A (Section 162) Executive Bonus Plan is designed for Employers to provide additional benefits to key Employees on a selective basis. The major difference between the preceding plans and a Sec 162 Plan is that in the case of the latter, the Company can take an immediate tax deduction for the benefit provided to the Employee. Conversely, the Employee is taxed on that benefit in the year the contribution is made by the Company.
The mechanics of a Sec. 162 Plan are relatively simple:
- The Company and the Employee enter into an agreement whereby the Company will fund a very specially engineered cash value life insurance contract on behalf of the Employee.
- The policy is (usually) on the life of the Employee and owned by the Employee.
- The Company will receive a tax deduction for the amount of the contribution.
- The Employee will pay income taxes on the amount of the contribution to the policy.
- The cash value in the life insurance policy will grow on a tax-deferred basis.
- The cash value in the policy will be used by the Employee to take tax-free retirement income (somewhat akin to a Roth IRA).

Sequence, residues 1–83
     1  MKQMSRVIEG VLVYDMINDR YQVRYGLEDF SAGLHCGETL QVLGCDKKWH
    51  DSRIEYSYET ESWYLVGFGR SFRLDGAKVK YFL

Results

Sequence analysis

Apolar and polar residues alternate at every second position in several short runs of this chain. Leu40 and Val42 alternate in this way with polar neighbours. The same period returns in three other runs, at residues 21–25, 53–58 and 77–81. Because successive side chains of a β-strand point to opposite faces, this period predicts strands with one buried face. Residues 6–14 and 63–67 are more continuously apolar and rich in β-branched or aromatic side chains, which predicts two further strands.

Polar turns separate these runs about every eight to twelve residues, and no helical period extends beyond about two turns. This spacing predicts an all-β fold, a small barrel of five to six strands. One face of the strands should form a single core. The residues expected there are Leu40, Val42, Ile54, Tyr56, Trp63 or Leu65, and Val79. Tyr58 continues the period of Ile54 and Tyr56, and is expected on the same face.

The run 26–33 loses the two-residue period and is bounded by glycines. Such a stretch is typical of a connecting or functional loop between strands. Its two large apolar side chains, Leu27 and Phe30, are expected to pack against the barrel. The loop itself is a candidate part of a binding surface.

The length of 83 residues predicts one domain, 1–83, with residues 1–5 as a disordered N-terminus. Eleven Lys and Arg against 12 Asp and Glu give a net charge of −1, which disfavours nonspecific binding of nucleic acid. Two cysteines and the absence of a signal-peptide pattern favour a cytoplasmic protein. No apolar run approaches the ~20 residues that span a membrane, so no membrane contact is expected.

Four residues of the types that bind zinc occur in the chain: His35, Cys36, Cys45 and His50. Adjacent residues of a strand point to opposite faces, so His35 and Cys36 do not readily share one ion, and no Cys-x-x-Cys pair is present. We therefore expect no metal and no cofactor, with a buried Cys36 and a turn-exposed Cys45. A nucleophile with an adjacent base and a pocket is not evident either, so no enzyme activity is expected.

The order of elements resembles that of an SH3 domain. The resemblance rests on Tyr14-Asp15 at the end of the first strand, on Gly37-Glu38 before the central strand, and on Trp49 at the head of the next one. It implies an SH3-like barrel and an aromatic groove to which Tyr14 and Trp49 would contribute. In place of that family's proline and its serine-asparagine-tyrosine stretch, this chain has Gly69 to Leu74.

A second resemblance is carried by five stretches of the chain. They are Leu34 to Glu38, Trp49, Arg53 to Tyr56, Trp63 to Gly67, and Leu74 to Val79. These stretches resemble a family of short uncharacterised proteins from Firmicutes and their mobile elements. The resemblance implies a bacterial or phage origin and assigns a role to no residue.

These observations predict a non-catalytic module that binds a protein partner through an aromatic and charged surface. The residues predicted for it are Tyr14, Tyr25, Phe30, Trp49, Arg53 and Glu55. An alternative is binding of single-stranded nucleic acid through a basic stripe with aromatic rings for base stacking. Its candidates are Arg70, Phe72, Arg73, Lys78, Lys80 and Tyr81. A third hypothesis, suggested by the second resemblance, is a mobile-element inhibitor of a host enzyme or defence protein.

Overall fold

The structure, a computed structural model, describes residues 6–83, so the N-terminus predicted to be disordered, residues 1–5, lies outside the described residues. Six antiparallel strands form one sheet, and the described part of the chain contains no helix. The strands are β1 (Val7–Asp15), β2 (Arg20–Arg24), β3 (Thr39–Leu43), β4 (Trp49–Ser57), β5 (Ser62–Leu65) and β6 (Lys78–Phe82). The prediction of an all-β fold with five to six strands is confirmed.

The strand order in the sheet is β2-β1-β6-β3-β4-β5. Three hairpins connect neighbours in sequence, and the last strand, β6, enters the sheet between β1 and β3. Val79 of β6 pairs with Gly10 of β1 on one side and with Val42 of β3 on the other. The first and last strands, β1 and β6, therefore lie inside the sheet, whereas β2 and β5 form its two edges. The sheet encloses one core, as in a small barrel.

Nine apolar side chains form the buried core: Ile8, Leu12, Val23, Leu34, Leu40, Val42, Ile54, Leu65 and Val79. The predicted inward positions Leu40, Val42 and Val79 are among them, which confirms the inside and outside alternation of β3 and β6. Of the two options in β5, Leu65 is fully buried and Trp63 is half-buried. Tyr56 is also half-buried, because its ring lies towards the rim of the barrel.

- The Company has the option to employ a variation of the Plan by including a “double bonus” arrangement, whereby the Company will bonus the Employee sufficient funds to pay the taxes on both the contribution to the plan and the tax on the bonus.
- If the plan is designed as an Employee Retention strategy, the Company could add an additional variation known as a Controlled Bonus Plan. Using this process, the Company can restrict the Employee from using the cash value until such time as the Employee vests in the Plan. Vesting is usually determined by a number of years.
Advantages of Executive Bonus Plans
To the Company:
- The plan can be discriminatory inasmuch as the Employer can determine which Employees participate in the Plan.
- The Plan is relatively simple to implement and administer.
- The bonus is fully deductible to the Company.
- The Company can restrict access to the cash value using a Controlled Bonus arrangement. This serves as a “Golden Handcuff” strategy to retain the Employee for the period necessary for the program to vest.
To the Executive:
- The Executive is able to name their beneficiary to the policy. In the event of their death, the policy proceeds will be paid income tax-free.
- Retirement distributions are accessed tax-free from the policy’s cash value.
- If the Company includes a double bonus arrangement, the Employee will have no tax consequence from the Plan.
Disadvantages of Executive Bonus Plans
To the Company:
- Without a Controlled Bonus arrangement, the Company has no “handcuff” on the Executive. Even with a Controlled Bonus arrangement if the Executive were to leave the Company prematurely, while they would not have access to the policy cash values for retirement, there would be no way of the Company recovering its investment in the Plan.
- As the policy is owned by the Employee, there is no recovery of Plan costs as there would be in the case of a SERP.
To the Executive: Without a “double bonus” arrangement, there is a taxable cost to the Employee.